An enzyme called LSD1 that controls the development of blood cells by manipulating gene expression in progenitor cells could be a therapeutic target for leukemia.
Inside the nucleus, DNA is tightly packaged around scaffold proteins called histones to form chromatin. Histones control how easy it is for proteins—notably those involved in transcribing the DNA sequence into messenger RNA—to access the DNA, so they have a critical role in regulating gene expression. Lysine residues within histones, particularly histones H3 and H4, are susceptible to many types of modification, including the addition of acetyl, methyl or ubiquitin groups. These modifications, often referred to as histone ‘marks’, influence how compact the chromatin is and help to recruit protein complexes that activate or repress transcription. Although knockouts of histone-modifying enzymes are often lethal in mice, gene deletions that are restricted to specific tissues or time periods provide valuable insights into how these enzymes choreograph cell fate. Now, in eLife, Stuart Orkin and colleagues at the Boston Children’s Hospital and the Dana Farber Cancer Institute reveal how a histone-modifying enzyme called lysine specific demethylase 1 (LSD1) affects the development of blood cells.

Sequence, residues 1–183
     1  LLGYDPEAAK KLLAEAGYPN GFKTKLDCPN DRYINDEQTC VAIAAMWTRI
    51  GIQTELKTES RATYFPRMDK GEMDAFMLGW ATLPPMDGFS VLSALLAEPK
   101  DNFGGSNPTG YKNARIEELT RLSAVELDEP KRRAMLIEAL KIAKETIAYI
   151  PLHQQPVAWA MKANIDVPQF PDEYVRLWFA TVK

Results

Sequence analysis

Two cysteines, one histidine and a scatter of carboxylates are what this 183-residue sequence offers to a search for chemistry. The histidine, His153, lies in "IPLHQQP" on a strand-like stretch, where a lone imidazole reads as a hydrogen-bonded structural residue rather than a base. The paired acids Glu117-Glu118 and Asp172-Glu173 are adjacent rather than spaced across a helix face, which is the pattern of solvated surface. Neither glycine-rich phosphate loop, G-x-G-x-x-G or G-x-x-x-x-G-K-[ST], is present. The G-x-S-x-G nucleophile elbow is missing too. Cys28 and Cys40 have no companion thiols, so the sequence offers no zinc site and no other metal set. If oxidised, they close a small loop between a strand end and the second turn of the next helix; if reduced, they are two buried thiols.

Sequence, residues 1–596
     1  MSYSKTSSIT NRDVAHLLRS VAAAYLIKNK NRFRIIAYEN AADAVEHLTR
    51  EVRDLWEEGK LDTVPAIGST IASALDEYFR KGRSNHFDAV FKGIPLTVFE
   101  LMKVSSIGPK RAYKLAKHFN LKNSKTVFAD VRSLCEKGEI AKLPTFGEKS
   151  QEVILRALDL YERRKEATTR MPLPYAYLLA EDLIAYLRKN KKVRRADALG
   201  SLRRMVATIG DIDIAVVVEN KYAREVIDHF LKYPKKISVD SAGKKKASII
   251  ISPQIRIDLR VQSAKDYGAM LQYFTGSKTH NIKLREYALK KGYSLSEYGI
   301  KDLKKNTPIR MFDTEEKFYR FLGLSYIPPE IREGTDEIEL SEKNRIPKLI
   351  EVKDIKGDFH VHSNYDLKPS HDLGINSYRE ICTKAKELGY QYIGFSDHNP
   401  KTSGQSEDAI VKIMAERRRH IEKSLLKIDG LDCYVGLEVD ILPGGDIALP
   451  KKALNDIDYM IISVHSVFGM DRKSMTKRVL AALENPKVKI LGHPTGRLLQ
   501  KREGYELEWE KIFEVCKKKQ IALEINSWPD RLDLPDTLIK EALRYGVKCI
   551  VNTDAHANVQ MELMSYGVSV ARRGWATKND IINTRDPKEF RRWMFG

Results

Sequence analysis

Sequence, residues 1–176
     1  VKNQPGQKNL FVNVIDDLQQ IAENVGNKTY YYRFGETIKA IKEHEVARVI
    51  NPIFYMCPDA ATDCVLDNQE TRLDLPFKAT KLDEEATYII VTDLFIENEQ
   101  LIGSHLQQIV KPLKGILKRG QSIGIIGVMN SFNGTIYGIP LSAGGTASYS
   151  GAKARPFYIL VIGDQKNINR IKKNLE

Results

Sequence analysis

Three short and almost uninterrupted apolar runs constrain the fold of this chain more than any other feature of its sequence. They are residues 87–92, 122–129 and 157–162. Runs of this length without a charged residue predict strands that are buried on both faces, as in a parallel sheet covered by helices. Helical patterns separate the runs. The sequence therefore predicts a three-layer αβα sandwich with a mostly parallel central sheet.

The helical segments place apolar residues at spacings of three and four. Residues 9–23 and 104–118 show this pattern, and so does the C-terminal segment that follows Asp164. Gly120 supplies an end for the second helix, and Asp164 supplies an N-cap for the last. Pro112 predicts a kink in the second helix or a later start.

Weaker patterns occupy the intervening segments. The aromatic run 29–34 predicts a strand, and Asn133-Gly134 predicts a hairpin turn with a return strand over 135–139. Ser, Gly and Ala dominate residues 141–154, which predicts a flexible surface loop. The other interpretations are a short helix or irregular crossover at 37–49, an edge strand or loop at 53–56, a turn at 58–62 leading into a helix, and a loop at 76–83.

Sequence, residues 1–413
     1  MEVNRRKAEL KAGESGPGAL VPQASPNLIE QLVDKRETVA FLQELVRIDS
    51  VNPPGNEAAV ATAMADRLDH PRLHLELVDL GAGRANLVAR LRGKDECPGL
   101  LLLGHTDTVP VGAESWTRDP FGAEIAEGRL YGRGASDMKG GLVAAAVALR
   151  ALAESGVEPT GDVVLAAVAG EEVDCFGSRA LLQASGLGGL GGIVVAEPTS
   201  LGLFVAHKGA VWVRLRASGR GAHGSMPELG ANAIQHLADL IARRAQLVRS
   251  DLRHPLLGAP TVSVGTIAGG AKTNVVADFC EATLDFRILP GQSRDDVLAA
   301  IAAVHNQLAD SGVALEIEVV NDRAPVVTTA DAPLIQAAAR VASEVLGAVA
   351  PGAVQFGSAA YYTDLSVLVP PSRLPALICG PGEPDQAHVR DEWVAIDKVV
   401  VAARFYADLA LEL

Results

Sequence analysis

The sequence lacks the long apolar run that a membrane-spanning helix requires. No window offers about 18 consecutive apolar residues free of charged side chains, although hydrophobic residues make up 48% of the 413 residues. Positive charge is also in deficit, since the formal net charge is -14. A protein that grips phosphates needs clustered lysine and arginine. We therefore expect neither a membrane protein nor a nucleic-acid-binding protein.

LSD1, which removes methyl groups from lysine 4 on histone H3 (H3K4), was the first histone demethylase to be discovered (Shi et al. 2004). H3K4 is methylated by enzymes from the MML (mixed lineage leukemia) family of methyltransferases, which are known to be important for the development of blood (Figure 1A) and are often altered in leukemias (Deshpande et al. 2012). Whether LSD1 inhibition might affect the development of blood cell progenitors has been explored in only one other study: last year researchers from University Hospital Essen used RNA-mediated gene silencing in mice to show that LSD1 depletion disrupts the formation of granulocytes (a type of white blood cell) and red blood cells, leading to acute anemia and a reduced number of platelets (Sprussel et al. 2012). While powerful, such knockdown models struggle to identify the role of LSD1 in the development of individual blood lineages, as they do not result in a complete loss of LSD1 expression. In the current study, Orkin and colleagues—including Marc Kerenyi as first author—overcame these limitations to reveal the functions of LSD1 in the formation of mature blood cells (hematopoiesis).